Black H'mong women are expected to make the clothes for the family. If they don't make the clothes, they are considered to be lazy. There are a lot of points on the Black H'mong flowchart that lead to lazy, and that is not a good thing in the Black H'mong ideology.  Keep in mind that this "lazy" thing is not a value judgment I am making, but the description given to me by the guide.

Despite all the rigidity in what is expected of the Black H'mong, and despite the fact that they are desperately poor, work very hard for almost nothing, and they are not treated so well by the ethnic Vietnamese (who are the majority in Vietnam), the H'mong seem to be very happy, and some of the most carefree and spirited people I have met. They seem to survive through the strength of their will and the force of their collective character, and they don't seem to nurture so much a sense of grievance about their position in society or of any perceived wrongs that have been done to them. They seem to take what they have and really maximize it. Their lives are fairly uncomplicated.

There is a lot of hemp grown by the H'mong. It is spun into thread for clothing by the women of the tribe, who then make it into cloth.  They then dye the fabric black by soaking it for several passes in a solution made from the indigo plant. Once they have made the cloth, they then will sew clothing from it, and the clothing is heavily embroidered. The black cloth that they make the clothing from is where the Black H'mong get their name. Though they make most of their clothes, they do buy some items of clothing (our guide was wearing a windbreaker she bought), and they usually buy shoes.

The guide I talked to had never been to Hanoi, and neither she nor her husband owned any transportation vehicle, not even a bicycle.  Mostly she walks everywhere she goes, between the various villages in the close-knit area where she lives, with the exception of riding with the caravans that bring in the tourists. Though many of the guides learn to speak English to be able to guide tourists, they may not be able to read it at all

Friday, September 16, 2016

Trekking in Sa Pa

I had been really sick for a couple of days. I had allowed myself to get too dehydrated, and then I got some stomach virus that just knocked me on my butt at the hostel in Hanoi. So I was laid up in bed for a couple of days. And during that time, I decided to plan a trip to Sa Pa, Vietnam, hoping I'd be better by the time I took the trip.  I set up a journey of four days and three nights through the travel desk at the hostel.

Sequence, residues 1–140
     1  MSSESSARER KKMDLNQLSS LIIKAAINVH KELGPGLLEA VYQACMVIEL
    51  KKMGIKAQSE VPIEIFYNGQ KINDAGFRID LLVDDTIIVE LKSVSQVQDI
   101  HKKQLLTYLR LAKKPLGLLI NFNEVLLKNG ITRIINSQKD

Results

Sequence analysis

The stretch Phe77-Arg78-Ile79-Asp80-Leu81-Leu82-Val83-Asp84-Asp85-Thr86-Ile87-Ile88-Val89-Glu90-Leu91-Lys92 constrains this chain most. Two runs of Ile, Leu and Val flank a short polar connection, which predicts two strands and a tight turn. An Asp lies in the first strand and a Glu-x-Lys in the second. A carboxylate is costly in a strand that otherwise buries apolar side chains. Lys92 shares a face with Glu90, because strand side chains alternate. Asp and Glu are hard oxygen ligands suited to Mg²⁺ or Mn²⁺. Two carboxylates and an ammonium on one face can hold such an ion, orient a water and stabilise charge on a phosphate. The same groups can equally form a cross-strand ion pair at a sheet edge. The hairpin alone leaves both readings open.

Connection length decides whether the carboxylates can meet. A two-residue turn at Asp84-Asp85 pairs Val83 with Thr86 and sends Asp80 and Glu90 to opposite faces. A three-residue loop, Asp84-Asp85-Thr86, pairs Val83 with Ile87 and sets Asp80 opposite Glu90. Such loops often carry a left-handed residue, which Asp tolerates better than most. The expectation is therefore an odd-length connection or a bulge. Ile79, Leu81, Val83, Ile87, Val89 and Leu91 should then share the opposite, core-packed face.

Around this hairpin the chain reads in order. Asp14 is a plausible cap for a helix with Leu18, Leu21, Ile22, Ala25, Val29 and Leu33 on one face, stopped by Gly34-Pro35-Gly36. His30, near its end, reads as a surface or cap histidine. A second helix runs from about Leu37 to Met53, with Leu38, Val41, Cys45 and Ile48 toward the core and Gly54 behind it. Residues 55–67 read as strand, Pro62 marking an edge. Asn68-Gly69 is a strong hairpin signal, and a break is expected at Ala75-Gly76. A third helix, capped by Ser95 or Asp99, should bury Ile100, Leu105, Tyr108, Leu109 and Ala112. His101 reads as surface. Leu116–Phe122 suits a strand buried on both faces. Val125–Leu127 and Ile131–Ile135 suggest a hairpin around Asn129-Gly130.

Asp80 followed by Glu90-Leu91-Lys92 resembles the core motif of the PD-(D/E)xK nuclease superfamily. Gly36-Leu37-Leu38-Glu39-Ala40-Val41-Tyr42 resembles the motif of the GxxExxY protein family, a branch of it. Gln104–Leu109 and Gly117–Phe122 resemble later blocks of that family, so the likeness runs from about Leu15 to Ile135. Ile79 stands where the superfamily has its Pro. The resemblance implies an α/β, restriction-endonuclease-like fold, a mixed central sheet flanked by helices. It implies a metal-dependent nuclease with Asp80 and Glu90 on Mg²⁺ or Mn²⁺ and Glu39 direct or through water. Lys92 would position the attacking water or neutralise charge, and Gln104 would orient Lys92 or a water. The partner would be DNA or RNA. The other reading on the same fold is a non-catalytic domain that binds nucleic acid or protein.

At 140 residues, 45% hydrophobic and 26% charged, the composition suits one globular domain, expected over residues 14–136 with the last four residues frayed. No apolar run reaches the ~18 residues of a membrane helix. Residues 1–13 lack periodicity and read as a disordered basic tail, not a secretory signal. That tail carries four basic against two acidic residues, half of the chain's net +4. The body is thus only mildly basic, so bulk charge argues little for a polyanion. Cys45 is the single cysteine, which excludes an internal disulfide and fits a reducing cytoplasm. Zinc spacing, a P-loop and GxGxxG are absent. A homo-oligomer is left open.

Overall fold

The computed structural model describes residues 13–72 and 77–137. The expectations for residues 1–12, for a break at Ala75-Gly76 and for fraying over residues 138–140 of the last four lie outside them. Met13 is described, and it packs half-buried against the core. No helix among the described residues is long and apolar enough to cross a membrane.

It was down to the wire, but luckily I was much better by the time it was time to depart. But in the meantime, I had a French placement test scheduled for the French class that I am hoping to take in Hanoi. The Institut Fran├žois de Hanoi has a really great French class that is amazingly cheap. They also have a Vietnamese class, and I'm thinking about taking that there too, but I'm not certain about that yet. So I had to drag myself out of bed, hellishly ill, and walk across town to take the placement test. I don't think I did too badly, and probably ended up about where I should. I hope. The first four or five pages were pretty easy, but then it started asking for long narratives about really specific things, and that's where I didn't do as well, definitely. I was blanking out on a lot of words that I thought I should have known...obviously, I didnt know them well enough. After the test, I went back to the hostel and just crashed for the rest of the day, and I felt much better the next day.


So I was well-rested and well-hydrated, and feeling really good when it was time to go to Sa Pa. I checked out of the hostel in Hanoi, and got to see my Vietnam visa for the first time in my passport when they gave me my passport back. They had kept it when I checked in, after I had arrived straight from the airport (where I had an ATM-card losing fiasco), and they don't give it back until they get the room key. Sucks, but I guess that's what they do.


All of us who were on the Sa Pa trek made our way down to the lobby, and we were led down the street by someone from the hostel to where we would catch our bus. The bus arrived after a few minutes of waiting, and we all clambered aboard. It was an overnight sleeper bus, with sleeper pods instead of seats. We had to take our shoes off and put them in a bag upon boarding. The sleeper pods were about the bare minimum space that I have seen allocated for a human to sleep in. There were two levels of pods, six long. There were three rows of these twelve pods on the bus, two on each side, and one in the middle. I had brought a small pack on the bus with me, and there was no room for it in the pod with me. Luckily, I was on the bottom row, so I put my pack in the aisle. Somebody told me that sometimes these buses get so full that people are sleeping in the aisles. There was a very compact bathroom in the back of the bus, but I was not aware of that until the next morning, when I spotted someone coming out of it, which was great, because I had been lying there needing to go badly and thinking there was no bathroom. The bus was to arrive at four thirty the next morning, but we were instructed to stay in the bus until six, when someone would come to meet us.


And, as we were told, at six am, Mr. Hung showed up to pick us up and take us to our hotel.  At this point, I came to the realization that I know very little about what the sequence of events was, and what would take place was largely a mystery to me. But did I really need to know? Couldn't I just go where someone told me to go and see what happens? I knew there would be two nights of homestay and one night in a hotel, but I didn't know whether the hotel was first, nor did I know much about what was going on.